To accommodate the Orioles’ young pitching staff, Wilhelm was moved back to a reliever role in 1960. He recorded 7 saves and increased the number to 18 the following year. He was named to the All-Star team but was charged with the loss in the first game and did not pitch in the second. He had a 7-10 record in 1962 but recorded 15 saves and an ERA of 1.94. This earned him another All-Star selection, although he did not pitch in either game.
In January 1963, Wilhelm was traded to the Chicago White Sox. He recorded at least 20 saves in each of his first three years with Chicago. From 1964 on, he was used exclusively as a relief pitcher. He had five consecutive years with an ERA under 2.00 from 1964 to 1968, including a career-best 1.31 in 1967. When new teams were added to the league in 1968, he was signed by the Kansas City Royals in the expansion draft, who quickly traded him to the California Angels. He was then traded to the Atlanta Braves in September. He saw action in 8 games, going 2-0 with 4 saves and a 0.73 ERA to help clinch the National League West title.
In 1970, Wilhelm pitched in 50 games for Atlanta and was selected to his final All-Star team. That September, he was released on waivers and signed by the Chicago Cubs. He pitched only 3 2/3 innings before being traded back to the Braves in November. The Braves used him for 2 1/3 innings in 1971 before releasing him. Wilhelm next pitched in 8 games for the minor league Spokane Indians before being picked up by the Los Angeles Dodgers, with whom he recorded his final four saves before his release in July 1972 and subsequent retirement. He later worked in the minor leagues for the Braves, as manager of their Greenwood and Kingsport farm teams, and the Yankees, for whom he worked as a pitching coach.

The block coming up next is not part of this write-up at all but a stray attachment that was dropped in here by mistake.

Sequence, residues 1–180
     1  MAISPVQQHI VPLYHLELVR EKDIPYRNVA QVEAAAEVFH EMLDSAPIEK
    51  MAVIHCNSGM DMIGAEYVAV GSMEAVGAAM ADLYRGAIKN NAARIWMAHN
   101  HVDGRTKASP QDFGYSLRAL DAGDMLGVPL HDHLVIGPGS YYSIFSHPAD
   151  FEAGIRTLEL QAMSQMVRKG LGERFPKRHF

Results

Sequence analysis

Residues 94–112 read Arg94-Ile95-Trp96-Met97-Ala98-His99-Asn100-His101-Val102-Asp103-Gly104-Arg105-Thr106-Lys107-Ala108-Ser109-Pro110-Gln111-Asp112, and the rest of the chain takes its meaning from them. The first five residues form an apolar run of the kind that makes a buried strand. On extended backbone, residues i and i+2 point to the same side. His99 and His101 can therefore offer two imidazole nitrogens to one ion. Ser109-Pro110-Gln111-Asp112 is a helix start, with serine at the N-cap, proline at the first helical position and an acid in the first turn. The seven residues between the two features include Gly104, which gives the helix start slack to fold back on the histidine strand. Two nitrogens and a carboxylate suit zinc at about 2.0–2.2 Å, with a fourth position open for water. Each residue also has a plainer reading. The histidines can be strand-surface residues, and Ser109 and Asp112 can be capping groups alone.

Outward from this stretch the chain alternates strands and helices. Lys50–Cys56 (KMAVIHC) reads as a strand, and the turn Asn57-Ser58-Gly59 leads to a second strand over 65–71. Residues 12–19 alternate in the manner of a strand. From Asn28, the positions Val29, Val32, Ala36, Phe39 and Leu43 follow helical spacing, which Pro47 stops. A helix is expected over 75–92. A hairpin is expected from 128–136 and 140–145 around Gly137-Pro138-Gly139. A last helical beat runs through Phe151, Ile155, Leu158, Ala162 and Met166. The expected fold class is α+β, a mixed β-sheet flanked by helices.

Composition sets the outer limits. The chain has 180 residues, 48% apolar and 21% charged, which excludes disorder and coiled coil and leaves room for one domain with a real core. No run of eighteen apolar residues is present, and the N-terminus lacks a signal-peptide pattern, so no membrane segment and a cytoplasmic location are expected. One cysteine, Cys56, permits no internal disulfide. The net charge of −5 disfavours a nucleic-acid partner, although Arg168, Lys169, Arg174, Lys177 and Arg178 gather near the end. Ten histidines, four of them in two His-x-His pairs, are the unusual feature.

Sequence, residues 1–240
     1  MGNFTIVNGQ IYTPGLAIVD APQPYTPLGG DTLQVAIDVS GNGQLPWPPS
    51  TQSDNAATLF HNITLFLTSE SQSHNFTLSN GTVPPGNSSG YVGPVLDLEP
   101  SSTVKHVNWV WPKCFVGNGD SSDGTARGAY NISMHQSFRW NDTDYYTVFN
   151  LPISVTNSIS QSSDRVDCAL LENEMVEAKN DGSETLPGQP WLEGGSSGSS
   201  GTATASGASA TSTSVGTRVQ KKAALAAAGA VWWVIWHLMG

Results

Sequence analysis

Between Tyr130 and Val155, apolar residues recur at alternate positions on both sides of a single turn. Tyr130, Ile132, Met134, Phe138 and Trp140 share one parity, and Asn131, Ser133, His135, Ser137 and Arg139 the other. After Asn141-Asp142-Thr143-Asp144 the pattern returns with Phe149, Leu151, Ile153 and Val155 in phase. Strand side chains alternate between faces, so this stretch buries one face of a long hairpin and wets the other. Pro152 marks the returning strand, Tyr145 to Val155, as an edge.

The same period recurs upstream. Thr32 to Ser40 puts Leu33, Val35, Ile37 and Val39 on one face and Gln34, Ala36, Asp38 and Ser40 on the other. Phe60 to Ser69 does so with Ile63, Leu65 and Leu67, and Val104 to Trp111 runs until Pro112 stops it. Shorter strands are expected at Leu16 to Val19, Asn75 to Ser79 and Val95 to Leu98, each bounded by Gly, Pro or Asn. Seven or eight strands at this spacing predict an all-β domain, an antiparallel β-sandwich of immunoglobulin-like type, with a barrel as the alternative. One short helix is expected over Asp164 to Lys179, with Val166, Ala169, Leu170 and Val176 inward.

Wilhelm retired with a career record on 143-122 and 227 saves. He also amassed 1610 strikeouts over his 21 seasons. At the time, his 1,070 games pitched was a major league record, and it remains one of the highest totals to this day. He also set records for the most wins as a relief pitcher and the most innings pitched in relief. His career ERA of 2.52 was one of the lowest in history, and he was the first pitcher to win the ERA title in both the National and American Leagues, in 1952 and 1959, respectively. He is also credited with helping to popularize the knuckleball and gain more recognition for the role of relief pitchers.
Wilhelm’s long career is often credited to the reduced stress on his arm from working in relief and throwing a knuckleball consistently. Nicknamed “Ol’ Sarge” as a reference to both his age and Army service, he avoided most interviews and did not like discussing his age. He retired to Sarasota, Florida. He first appeared on the Hall of Fame ballot in 1978 and was elected in 1985 with votes on 83.8% of ballots. He was the first relief pitcher elected to the Hall of Fame, paving the way for others. Wilhelm died of heart failure at age 80 on August 23, 2002, after which it was learned that he was a full year older than anybody had believed.
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Rare Video of Hoyt Wilhelm and his Knuckleball. YouTube video posted by typeittypeit, July 15, 2012. http://www.youtube.com/watch?v=PcMUQFBij-c (accessed May 27, 2014).
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27 May 2014 | Hogg, Kevin